Life after death?

“Humankind has always utilised available resources to assuage the finality of death.”

Date: 14 February 2020

Dr Denise Turner, Senior Lecturer in Social Work and Chair of the National Advisory Group for Digital Capabilities in Social Work, provides her expert commentary on the recent South Korean documentary, Meeting You, and the questions it raises.


In the last few days, the mainstream news media has been preoccupied with the moral and ethical questions raised by a Korean documentary called Meeting You.  The documentary features an experiment in which virtual reality (VR) technology is used to reunite a mother with a digitally reconstructed version of her seven-year-old daughter, who died in 2016.  Wearing a VR headset, specialist gloves and headphones, the mother is able to see, hear and even simulate touching her deceased child. 

Whilst much media coverage of the documentary has focussed on the potential psychological damage of using VR technology with grieving relatives, my research into dying and bereavement suggests that humankind has always utilised available resources to assuage the finality of death. 

Most forms of popular religious and spiritual belief involve the concept of an afterlife – from the Greek Hades, where souls reside after death, through the Christian concepts of Heaven, Hell and Purgatory, to the notion of reincarnation. As technology has progressed, so too have rituals around death and dying. In Victorian times, the invention of photography led to the popularity of mourning photography in which deceased family members were often photographed in everyday positions in an attempt to make them look life-like.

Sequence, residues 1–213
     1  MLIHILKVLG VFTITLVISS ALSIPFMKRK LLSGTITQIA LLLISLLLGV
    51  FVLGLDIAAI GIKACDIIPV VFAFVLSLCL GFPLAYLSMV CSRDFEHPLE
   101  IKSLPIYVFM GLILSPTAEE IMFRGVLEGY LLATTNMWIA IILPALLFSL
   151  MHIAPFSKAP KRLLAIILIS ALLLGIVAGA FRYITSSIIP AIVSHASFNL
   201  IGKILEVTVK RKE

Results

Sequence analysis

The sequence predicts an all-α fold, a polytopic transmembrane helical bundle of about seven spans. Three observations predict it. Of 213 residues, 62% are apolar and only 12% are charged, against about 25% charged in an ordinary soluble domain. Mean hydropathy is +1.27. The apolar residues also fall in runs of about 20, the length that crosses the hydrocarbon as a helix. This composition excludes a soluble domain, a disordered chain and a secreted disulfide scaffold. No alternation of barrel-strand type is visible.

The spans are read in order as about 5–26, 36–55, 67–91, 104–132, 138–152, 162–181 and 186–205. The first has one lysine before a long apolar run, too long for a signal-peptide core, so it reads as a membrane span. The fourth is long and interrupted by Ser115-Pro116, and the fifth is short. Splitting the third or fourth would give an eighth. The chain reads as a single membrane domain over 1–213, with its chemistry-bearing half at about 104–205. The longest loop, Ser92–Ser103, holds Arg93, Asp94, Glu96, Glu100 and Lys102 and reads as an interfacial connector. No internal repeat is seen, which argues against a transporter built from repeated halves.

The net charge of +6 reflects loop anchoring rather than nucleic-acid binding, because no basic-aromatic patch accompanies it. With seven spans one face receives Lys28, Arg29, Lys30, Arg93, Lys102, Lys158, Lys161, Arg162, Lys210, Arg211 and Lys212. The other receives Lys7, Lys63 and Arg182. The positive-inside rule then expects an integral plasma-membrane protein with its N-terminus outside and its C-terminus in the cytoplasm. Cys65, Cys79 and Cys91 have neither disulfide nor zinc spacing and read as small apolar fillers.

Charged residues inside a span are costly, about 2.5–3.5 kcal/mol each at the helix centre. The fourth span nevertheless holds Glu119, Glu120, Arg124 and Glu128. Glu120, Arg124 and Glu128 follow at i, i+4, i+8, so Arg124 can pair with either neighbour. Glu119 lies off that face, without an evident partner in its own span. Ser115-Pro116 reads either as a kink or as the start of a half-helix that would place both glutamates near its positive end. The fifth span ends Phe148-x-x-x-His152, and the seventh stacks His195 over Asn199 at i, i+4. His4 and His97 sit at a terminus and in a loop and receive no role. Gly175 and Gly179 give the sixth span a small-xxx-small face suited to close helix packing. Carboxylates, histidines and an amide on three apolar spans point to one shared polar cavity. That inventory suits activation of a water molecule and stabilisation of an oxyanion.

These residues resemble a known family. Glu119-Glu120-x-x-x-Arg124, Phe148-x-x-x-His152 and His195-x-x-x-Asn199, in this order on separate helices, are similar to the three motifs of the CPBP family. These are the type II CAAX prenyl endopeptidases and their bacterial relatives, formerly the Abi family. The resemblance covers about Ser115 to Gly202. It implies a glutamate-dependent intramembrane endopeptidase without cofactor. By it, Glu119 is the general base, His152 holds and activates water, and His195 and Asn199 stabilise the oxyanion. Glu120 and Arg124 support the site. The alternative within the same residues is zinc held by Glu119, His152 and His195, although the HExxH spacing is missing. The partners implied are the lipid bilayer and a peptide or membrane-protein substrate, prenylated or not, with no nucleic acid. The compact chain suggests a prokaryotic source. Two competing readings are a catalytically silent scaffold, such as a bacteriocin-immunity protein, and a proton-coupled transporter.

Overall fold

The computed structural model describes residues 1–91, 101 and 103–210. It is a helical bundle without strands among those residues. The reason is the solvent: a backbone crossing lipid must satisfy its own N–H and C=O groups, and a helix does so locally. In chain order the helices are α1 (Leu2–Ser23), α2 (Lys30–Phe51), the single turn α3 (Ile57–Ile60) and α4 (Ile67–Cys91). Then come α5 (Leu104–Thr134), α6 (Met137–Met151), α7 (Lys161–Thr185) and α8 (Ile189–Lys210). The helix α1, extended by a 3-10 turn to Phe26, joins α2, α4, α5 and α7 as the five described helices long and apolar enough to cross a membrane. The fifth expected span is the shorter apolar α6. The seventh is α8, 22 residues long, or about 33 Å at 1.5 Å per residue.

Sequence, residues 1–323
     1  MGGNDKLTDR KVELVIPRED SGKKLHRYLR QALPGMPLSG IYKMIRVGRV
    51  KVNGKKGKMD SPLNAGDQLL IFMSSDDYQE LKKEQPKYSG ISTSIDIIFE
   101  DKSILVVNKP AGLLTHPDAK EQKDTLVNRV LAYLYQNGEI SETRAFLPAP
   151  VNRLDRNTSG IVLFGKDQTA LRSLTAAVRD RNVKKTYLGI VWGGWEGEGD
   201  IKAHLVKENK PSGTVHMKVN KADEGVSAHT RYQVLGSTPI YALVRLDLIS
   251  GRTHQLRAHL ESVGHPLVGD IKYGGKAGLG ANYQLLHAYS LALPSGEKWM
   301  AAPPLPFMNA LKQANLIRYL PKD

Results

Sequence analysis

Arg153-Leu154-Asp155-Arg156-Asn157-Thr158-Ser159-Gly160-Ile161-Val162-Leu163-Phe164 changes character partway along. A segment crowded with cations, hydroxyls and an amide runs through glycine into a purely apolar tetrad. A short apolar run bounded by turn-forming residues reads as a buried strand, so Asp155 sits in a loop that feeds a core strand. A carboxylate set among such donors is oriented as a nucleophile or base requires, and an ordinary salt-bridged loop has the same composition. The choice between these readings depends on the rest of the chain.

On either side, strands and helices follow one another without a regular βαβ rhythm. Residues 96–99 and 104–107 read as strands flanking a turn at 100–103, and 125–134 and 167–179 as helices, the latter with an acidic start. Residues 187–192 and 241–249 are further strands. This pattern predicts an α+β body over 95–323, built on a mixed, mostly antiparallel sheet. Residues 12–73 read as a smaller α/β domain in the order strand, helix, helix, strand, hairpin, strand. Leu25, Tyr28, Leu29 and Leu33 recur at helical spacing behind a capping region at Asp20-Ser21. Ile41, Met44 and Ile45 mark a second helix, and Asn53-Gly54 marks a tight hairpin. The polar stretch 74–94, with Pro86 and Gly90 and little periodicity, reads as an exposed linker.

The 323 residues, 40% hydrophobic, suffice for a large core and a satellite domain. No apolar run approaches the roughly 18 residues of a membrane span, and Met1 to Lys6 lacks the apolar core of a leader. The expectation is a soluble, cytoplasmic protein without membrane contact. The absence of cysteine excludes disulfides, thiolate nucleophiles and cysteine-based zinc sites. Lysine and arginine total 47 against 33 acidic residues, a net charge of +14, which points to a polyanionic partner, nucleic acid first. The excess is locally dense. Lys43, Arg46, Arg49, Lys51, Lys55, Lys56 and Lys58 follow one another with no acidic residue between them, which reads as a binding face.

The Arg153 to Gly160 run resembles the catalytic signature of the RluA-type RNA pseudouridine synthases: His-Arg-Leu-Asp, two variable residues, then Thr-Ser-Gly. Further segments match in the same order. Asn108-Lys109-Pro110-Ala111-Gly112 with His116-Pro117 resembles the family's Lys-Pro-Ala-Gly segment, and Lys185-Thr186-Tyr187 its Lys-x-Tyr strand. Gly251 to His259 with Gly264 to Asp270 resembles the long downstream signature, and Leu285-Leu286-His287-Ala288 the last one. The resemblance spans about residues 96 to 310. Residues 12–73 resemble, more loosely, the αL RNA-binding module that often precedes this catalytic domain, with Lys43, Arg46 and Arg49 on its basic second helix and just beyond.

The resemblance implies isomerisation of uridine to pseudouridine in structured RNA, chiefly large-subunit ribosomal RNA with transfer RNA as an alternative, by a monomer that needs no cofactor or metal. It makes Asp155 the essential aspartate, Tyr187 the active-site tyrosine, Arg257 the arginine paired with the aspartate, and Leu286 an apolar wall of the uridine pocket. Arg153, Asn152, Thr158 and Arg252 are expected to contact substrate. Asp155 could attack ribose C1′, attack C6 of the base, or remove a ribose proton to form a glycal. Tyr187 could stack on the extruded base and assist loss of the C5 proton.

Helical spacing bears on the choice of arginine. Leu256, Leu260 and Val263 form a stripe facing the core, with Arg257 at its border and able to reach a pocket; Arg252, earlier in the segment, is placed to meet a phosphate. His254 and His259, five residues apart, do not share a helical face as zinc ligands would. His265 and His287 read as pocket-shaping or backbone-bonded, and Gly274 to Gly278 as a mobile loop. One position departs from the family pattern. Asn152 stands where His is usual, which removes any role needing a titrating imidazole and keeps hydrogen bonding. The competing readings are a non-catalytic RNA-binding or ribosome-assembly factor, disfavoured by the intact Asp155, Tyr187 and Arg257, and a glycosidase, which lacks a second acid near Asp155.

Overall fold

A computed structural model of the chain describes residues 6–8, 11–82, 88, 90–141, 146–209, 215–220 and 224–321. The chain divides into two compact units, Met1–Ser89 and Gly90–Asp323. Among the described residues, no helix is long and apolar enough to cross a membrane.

More recently, the advent of contemporary social networking led to the development of sites like ‘LivesOn’, with the strapline: 'When your heart stops beating, you'll keep tweeting’. The Swiss company LifeNaut is currently developing the technology to upload personalities to robots who will live on after people die.

Viewed through a historical lens then, the South Korean documentary can be seen as the latest in a centuries-old attempt to overcome the irrevocability of death. Whilst we do not know the potential effects of applying VR technology in this way, the same was true for the advent of photography; the telephone; electricity and many of the other inventions which now form the nucleus of contemporary life. Humankind has always sought to conquer death and will continue to utilise every available means to do so. 


Photo portrait of Dr Denise Turner